Exactly, and that was really what Linus wanted to avoid, not knowing the exact wording of the GPL 3.0. Any scenario where a distribution under version 2 is allowed, but not with version 3 would cause problems. You could even have made the distribution before version 3 was released, but the one you distribute to accept it under the new version 3. Giving him the possibility to sue you.

Given that no one really knew how the GPL 3.0 would look like at the time, you could not guard yourself against such scenarios. I find it strange that not more projects has seen this and guarded against it.

Reply Score: 1

RE[4]: GPL 2 ---> GPL 3
by rattaro on Tue 24th Jan 2006 00:15 UTC in reply to "RE[3]: GPL 2 ---> GPL 3"
rattaro Member since:
2005-08-22

Hmmm. I disagree with your assessment, but it's clear to me that this isn't an easy issue. I still think Linus should have given the option to go to GPL 3 or higher, as I think the pros would outweigh the cons, no matter what GPL 3 turns out to be, since 4.0 could always be used if better (who knows). In any case, I'll take back my comment that Linus was short sighted, as he probably just made a different call than what I would have done.

Reply Score: 1

RE[5]: GPL 2 ---> GPL 3
by DigitalAxis on Tue 24th Jan 2006 01:12 UTC in reply to "RE[4]: GPL 2 ---> GPL 3"
DigitalAxis Member since:
2005-08-28

I still think Linus should have given the option to go to GPL 3 or higher, as I think the pros would outweigh the cons, no matter what GPL 3 turns out to be, since 4.0 could always be used if better (who knows).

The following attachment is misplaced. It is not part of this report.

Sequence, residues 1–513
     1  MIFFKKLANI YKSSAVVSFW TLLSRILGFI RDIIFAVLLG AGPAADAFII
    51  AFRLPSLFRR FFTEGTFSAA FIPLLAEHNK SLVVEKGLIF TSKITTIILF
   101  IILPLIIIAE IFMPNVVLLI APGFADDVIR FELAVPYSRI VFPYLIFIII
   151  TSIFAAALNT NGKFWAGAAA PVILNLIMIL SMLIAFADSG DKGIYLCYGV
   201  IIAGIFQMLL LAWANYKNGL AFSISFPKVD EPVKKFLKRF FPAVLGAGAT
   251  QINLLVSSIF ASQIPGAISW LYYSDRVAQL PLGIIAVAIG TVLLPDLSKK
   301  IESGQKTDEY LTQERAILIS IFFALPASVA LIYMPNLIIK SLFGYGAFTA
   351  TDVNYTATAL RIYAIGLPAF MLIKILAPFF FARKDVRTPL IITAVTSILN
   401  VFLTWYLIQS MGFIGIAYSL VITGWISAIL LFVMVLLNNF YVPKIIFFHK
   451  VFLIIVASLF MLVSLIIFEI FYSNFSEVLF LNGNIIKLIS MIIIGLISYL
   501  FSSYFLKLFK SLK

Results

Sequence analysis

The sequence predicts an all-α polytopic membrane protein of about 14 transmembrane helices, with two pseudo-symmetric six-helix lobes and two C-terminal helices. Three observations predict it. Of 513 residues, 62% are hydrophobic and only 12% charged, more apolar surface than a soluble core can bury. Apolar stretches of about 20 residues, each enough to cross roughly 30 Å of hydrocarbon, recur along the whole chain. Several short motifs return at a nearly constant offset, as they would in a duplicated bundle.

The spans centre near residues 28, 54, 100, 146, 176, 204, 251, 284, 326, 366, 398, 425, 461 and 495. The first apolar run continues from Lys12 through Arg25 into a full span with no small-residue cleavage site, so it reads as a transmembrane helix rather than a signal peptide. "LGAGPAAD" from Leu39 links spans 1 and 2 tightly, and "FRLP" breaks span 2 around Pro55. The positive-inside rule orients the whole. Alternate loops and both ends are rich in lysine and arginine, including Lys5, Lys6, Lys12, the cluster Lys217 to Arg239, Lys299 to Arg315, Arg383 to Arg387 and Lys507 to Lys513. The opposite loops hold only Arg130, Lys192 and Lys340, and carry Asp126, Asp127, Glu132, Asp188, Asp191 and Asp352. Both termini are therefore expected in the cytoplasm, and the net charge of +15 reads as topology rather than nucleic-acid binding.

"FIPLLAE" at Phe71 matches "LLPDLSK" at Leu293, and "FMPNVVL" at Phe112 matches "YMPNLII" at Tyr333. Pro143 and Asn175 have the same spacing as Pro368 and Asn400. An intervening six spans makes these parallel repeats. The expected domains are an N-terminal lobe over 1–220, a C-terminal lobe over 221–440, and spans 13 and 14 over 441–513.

And what would you have him do until the hypothetical GPLv4 is released? Sit there and wait? I would just worry about the case where the GPLv3 does everything Stallman wants, but doesn't do what the Linux developers want.

It confused me too, at first, but consider this: If he didn't specify it exactly, he'd basically be giving control of the licensing to whoever writes the next version of the GPL.

Reply Score: 3

RE[6]: GPL 2 ---> GPL 3
by rattaro on Tue 24th Jan 2006 03:57 UTC in reply to "RE[5]: GPL 2 ---> GPL 3"
rattaro Member since:
2005-08-22

"And what would you have him do until the hypothetical GPLv4 is released? Sit there and wait?"

Yes. Just keep the GPL 2.0 like normal and continue life as we know it.


"If he didn't specify it exactly, he'd basically be giving control of the licensing to whoever writes the next version of the GPL."

I really don't agree. The licence doesn't say you HAVE to go to the next version, only that you can.

Reply Score: 2

RE[6]: GPL 2 ---> GPL 3
by Wrawrat on Tue 24th Jan 2006 03:59 UTC in reply to "RE[5]: GPL 2 ---> GPL 3"
Wrawrat Member since:
2005-06-30

It confused me too, at first, but consider this: If he didn't specify it exactly, he'd basically be giving control of the licensing to whoever writes the next version of the GPL.

Maybe not giving the control, since the end user would still have the choice of taking v2... However, I am pretty sure it wouldn't have solved the issue that is arising, which is accepting "v3 or later" code, which is excluding v2.

Even if Linus' clause is invalid, the code would still be licensed under the GPLv2 or later. If people start contributing v3 code, then it would be quite a mess for those favouring v2. And before someone saying "who would prefer v2 over v3", some people will. After all, we just had the chance to read the draft. It could change drastically before it's officially issued by the FSF.